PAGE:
It’s a testament to Sony Pictures that Ridley Scott’s film, All The Money in the World, was ready for Christmas. To think that Christopher Plummer started shooting his scenes less than a month ago, and that the film is ready and coherent is a minor miracle. However, just because the movie is finished doesn’t mean it’s effective. There are scenes within the movie that work very well and the overall effect is chilling. There is something that represents form and function that is a little uncomfortable and we’re not able to distance how the film was made and its subject matter.
At the heart of its story is the question: “what is the value of a human life”. This speaks to the previous casting choice, but also to the character of young Paul Getty (Charlie Plummer, no relation). Paul is, to put it bluntly, a brat, and at no point in the tricky film does the audience ever feel sorry for the kid, nor for any member of the Getty family. Plummer is perfectly cast (the second time around) as the patriarch of a truly malevolent clan that values money above all.
Scott seems to suggest that money corrupts absolutely, and as such, J. Paul Getty is made to be the antagonist of the film, even more so than the actual kidnappers, the Italian mafia, the Sicilians, or the collectors. In addition, there seems to be a suggestion of a sort of Getty curse that strains and infects the family, as the son is reduced to a minor character, young Paul seems like an addict like his father, and Michelle Williams is tainted by association as Abigail Getty. Why Williams sounds like Liza Minnelli and Judy Garland is unexplained and Mark Wahlberg’s Fletcher Chase seems to be the least effective advisor and body man in history.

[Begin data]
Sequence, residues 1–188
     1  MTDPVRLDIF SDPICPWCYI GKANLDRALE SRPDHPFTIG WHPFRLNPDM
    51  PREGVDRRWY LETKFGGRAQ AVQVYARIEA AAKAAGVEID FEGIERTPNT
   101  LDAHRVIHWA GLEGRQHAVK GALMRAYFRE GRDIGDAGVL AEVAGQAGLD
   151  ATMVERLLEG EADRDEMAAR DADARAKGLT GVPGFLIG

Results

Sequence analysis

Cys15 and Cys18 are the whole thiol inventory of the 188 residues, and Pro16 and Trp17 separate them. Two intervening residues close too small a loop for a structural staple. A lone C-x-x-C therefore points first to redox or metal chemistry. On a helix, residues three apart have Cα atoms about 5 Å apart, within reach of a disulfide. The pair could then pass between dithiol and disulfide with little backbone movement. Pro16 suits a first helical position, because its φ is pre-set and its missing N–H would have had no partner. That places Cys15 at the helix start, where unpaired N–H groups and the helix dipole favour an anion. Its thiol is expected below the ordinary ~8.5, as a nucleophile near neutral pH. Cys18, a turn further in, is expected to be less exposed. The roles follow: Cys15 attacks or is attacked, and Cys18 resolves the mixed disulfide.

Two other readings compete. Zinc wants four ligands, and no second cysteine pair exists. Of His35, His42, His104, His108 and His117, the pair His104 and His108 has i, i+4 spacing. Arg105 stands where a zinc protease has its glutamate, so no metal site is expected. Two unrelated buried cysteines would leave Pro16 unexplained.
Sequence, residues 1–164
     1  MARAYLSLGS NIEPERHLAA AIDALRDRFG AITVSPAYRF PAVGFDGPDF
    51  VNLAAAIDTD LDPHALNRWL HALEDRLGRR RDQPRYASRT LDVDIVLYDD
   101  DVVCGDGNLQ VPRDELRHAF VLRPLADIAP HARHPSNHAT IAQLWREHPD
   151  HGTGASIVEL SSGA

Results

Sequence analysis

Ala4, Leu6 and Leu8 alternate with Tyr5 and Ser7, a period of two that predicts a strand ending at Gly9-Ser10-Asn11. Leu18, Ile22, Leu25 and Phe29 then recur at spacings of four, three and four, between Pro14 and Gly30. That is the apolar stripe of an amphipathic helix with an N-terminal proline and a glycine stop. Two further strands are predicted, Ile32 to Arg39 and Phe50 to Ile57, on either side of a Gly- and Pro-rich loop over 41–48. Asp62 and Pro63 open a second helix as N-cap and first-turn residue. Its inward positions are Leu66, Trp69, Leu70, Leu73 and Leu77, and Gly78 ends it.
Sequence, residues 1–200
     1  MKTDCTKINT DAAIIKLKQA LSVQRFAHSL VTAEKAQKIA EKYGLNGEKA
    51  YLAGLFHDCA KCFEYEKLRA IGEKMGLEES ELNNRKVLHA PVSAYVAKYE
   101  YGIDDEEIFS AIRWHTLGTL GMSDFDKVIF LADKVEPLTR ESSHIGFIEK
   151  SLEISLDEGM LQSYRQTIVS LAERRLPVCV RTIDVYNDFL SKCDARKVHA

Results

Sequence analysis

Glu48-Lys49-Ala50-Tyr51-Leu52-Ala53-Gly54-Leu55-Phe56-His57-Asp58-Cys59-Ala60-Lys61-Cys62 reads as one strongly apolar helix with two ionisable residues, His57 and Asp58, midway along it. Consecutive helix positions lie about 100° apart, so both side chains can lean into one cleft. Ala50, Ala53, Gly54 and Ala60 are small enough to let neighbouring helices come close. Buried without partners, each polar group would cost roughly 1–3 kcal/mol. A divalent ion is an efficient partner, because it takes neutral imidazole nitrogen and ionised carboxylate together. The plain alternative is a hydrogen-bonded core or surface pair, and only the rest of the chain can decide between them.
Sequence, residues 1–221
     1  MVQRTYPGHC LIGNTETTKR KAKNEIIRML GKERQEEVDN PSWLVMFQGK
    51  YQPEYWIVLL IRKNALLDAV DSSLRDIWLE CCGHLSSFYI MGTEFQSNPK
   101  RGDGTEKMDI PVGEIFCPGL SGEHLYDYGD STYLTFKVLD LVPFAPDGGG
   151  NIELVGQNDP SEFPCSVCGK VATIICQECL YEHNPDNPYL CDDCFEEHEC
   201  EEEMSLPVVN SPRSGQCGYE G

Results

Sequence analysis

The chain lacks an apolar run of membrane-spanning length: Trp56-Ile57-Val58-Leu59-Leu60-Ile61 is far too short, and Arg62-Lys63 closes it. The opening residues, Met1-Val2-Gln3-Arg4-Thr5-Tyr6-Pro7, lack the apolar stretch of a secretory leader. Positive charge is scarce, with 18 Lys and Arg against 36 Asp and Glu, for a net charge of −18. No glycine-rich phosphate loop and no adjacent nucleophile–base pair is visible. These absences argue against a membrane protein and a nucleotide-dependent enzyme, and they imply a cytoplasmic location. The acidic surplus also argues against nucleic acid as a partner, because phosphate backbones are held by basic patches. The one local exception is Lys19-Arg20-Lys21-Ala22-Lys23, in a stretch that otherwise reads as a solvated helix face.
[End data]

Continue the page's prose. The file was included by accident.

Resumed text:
We’re left with a story with few heroes, more villains and a bleak perspective of how money is a corrupting influence. It’s a perfect metaphor for the Trump age and truly does question about the value of a human life. But it is a weird way to get there.